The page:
Honest answer – No, I would not criticize him for that action. However, he has shown that all he is capable of doing is tweeting about everything and acting on nothing. He bragged about his great health care plan when he never had a plan. His plan was to let congress deal with it. But he, personally never had a plan. He never had a plan for N Korea. He’s all talk and no action, and his bluff has been called.

      • Evangelical2

        North Korea tested a Hydrogen bomb that is at least 12,000x MORE POWERFUL than a MOAB.

        Are you sure you want that flying at you or our allies? Can you imagine how much more powerful a nuclear bomb is than a MOAB?

        12,000x more powerful, can you even CONCEIVE of that?

        • I can. And I’d be fine with a glassine end to the NK debacle, so we can switch my proposal to a bevy of high power nukes.

          The idea behind the MOAB is massive destruction, including of nukes awaiting deployment, without the hazards and harms associated with nuclear detonation. But I can’t argue with your legitimate fear of Kim Dung Hill’s insanity.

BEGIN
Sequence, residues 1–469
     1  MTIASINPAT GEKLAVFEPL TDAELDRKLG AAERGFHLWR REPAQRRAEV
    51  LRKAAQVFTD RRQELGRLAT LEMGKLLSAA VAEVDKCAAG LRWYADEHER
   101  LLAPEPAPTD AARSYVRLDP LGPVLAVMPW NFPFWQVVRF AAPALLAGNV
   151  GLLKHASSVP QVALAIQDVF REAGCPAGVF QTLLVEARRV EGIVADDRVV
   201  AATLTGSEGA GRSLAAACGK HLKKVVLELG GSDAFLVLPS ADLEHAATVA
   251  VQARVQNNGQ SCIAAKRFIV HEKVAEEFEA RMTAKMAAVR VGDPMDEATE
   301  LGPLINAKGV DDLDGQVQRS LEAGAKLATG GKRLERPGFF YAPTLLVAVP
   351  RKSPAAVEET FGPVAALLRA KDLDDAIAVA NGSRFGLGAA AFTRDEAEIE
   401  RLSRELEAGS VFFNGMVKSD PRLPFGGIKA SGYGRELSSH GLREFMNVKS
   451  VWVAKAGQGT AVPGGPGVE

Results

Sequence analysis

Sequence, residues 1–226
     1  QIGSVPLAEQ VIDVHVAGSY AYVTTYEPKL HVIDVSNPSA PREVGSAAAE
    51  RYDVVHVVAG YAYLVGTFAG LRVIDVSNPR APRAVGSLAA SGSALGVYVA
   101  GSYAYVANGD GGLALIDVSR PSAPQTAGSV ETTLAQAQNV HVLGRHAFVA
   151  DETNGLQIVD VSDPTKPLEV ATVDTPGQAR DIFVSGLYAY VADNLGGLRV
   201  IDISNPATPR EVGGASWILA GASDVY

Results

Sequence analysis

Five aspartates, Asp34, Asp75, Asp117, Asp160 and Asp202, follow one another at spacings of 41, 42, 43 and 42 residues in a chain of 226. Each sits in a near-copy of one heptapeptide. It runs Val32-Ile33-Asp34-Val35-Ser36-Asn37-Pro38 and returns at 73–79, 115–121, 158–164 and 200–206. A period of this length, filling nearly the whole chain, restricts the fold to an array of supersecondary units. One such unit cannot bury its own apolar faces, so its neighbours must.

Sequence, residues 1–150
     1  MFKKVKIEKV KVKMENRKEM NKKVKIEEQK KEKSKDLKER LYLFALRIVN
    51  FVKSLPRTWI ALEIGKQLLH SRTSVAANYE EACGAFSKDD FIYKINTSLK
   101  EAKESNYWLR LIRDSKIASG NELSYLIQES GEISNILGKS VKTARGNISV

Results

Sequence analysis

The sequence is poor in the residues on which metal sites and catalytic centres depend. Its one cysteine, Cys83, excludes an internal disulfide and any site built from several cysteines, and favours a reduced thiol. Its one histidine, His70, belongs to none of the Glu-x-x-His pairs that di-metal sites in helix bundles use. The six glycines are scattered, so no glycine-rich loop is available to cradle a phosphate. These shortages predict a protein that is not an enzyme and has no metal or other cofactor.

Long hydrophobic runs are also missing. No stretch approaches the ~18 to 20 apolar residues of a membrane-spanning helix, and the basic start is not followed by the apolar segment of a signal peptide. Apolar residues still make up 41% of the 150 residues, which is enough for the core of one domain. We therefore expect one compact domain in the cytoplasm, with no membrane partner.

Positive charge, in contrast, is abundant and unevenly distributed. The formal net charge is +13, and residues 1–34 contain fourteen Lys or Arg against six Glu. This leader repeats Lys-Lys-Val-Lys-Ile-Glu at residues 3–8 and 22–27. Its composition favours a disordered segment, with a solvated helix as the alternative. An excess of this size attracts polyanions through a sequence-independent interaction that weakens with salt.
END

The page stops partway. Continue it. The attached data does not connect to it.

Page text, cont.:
• Kepler

    I’m confused with the maximal range calculation. This seems to consider the missile as a cannonball, there should be quite a difference if you take into account its propulsion before it goes balistic, no?

  • a human

    Hope there be peace all around by not eliminating civilization. God have mercy on us.

  • JK

    How does this affect your earlier calculation comparing re-entry speeds? (http://allthingsnuclear.org/dwright/warhead-reentry)

    Since the initial and final velocity would be a square root function of the lofted altitude, this would make its re-entry speed 2.5 times faster than the re-entry from the the 700km test, making the heat transfer rate at least an order of magnitude higher. So it would seem that this would be a more severe test of the RV than even normal ICBM trajectory, so maybe we shouldn’t be reading too much into the fact that the RV broke up?